4. Pre-emptive rights and Anti-dilution
As noted above, one method to remove the influence of unwanted shareholders is to issue more shares to everyone else. Pre-emptive rights clauses reduce the efficacy of such methods by requiring the company to first offer any newly issued shares to existing shareholders proportional to their existing shareholdings. This will ensure that existing shareholders have the chance to participate in new share issues without being diluted. This can also be an effective method for the company to raise money, as it incentivises shareholders to invest more money into the business in order to prevent them from being diluted. Anti-dilution clauses are similar to pre-emptive rights, but enable a shareholder to be issued new shares automatically without paying for them. This can result in founders losing control of their company if shares are subsequently issued at a significantly lower price. Obviously, anti-dilution rights are powerful, and might only be granted to investors when a company or its founders are in a relatively weaker negotiating position.
5. Restrictions on Transfer of Shares
Another protective clause for shareholders involves restrictions on transfer of shares. This ensures that shares cannot be sold to an undesirable third party without first either allowing the company to find a purchaser or offering them to the other existing shareholders at the same price offered to that third party. If there is a dispute over the price of the shares, it is possible to provide for an independent valuation or a formula to determine the fair value. If the price is lower than what was offered, the shareholder may withdraw their notice to transfer the shares. Notably, restrictions on transfers of shares do not usually apply if shares are transferred to a shareholder’s family members or a trust.
6. Drag-Along and Tag-Along Rights
Disputes between shareholders can often occur when one group wishes to sell the business and the other group does not. Drag-Along and Tag-Along clauses can help resolve this issue and ensure that a deal can proceed. Firstly, Drag-Along clauses ensure that if a minimum percentage of shareholders (e.g. 75% or more) wish to sell their shares to a third party, they can force the remaining minority shareholders to sell under the same terms, in order to ensure that the third party can receive 100% of the shares. Conversely, Tag-Along rights require a shareholder selling their shares to include other minority shareholders under the same terms. This ensures such minority shareholders are not “cut out of the deal”.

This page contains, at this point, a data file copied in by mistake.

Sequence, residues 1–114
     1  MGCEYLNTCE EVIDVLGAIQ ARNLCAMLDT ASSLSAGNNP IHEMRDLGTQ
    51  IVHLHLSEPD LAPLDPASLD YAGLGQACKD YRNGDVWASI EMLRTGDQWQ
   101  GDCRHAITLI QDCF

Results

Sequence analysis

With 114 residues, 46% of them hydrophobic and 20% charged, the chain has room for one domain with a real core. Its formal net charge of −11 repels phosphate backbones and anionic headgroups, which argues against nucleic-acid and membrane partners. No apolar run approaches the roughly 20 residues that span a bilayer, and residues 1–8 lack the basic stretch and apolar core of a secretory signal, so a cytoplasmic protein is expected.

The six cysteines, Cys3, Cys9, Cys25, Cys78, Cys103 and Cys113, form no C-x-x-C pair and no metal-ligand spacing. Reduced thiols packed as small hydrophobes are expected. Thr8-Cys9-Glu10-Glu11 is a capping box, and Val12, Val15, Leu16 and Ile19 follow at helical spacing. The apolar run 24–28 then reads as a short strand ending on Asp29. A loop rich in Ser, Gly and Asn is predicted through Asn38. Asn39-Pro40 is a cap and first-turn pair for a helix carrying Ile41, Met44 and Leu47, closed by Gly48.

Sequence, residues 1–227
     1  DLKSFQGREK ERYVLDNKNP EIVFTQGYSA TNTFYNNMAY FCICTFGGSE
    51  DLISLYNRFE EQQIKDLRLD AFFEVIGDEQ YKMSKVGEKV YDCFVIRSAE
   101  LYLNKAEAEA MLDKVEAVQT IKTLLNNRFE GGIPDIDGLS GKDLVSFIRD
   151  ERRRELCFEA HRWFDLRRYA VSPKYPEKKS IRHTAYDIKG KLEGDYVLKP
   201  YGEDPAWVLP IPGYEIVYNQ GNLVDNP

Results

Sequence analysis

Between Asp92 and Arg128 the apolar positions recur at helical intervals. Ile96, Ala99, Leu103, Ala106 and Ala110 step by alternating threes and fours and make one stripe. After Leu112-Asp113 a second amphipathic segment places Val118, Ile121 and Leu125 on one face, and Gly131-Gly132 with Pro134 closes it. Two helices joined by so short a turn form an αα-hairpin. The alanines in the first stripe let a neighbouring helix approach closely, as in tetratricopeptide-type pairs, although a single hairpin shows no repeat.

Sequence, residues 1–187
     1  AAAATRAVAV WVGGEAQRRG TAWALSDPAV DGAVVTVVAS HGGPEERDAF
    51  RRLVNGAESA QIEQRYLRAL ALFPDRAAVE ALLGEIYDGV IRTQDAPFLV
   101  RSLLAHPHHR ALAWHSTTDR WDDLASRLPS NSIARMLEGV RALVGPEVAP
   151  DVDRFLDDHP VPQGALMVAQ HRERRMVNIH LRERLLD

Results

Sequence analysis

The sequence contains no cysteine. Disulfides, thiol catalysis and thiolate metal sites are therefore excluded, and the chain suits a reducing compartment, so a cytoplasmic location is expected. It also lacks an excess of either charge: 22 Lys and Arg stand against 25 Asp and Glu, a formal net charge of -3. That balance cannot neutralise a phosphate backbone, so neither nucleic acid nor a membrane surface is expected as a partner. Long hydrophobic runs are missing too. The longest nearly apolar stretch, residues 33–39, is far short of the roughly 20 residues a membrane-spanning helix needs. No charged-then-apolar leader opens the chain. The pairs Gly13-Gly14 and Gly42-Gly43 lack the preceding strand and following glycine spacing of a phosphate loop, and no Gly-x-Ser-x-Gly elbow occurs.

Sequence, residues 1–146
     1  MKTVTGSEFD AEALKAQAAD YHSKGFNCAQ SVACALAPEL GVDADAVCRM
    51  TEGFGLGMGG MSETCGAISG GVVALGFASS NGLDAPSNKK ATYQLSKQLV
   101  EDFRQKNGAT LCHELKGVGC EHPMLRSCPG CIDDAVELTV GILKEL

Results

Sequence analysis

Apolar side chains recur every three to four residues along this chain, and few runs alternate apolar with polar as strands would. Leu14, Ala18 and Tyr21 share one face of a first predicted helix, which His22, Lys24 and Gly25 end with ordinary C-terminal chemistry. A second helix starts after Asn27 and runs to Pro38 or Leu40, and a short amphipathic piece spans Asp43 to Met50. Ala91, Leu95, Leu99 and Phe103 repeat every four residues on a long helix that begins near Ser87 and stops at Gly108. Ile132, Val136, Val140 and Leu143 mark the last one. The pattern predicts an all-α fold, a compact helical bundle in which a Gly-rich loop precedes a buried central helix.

7. Rights to Appoint Directors and Restrict Activities
Usually, a majority of shareholders (i.e. 51%) is required to appoint and remove directors from the board, which allows effective control of the company. However, this means that a minority shareholder will not have the right to representation on the board, despite the fact they may hold up to 49% of the shares. In that case, a shareholder agreement may allow a minority shareholder the right to appoint a director if they hold a minimum percentage of shares (e.g. 25%). A “restricted activities” clause in a shareholder agreement may also require a “super-majority” of shareholders (e.g. 75% or more) before making certain decisions, such as entering into a major transaction, hiring key staff, paying dividends, or issuing more shares. This can ensure that minority shareholders still have some control over the governance of the company.
8. Liquidation Preferences
Of all the tricks that are used by venture capitalists, liquidation preferences are one of the most notorious. Shares are often issued to investors on the basis that if the company is sold or liquidated they will be the first in line to recover their investment before the other shareholders. In some cases, however, investors may negotiate a 2x or 3x liquidation preference, meaning that the investor will recover twice or three times their investment before the remaining assets are distributed, which can result in the other shareholders receiving a much smaller amount upon an exit. Liquidation preferences for investors are reasonable, but if they exceed 1x this should be a red flag unless the founders want to risk getting nothing when the business is sold.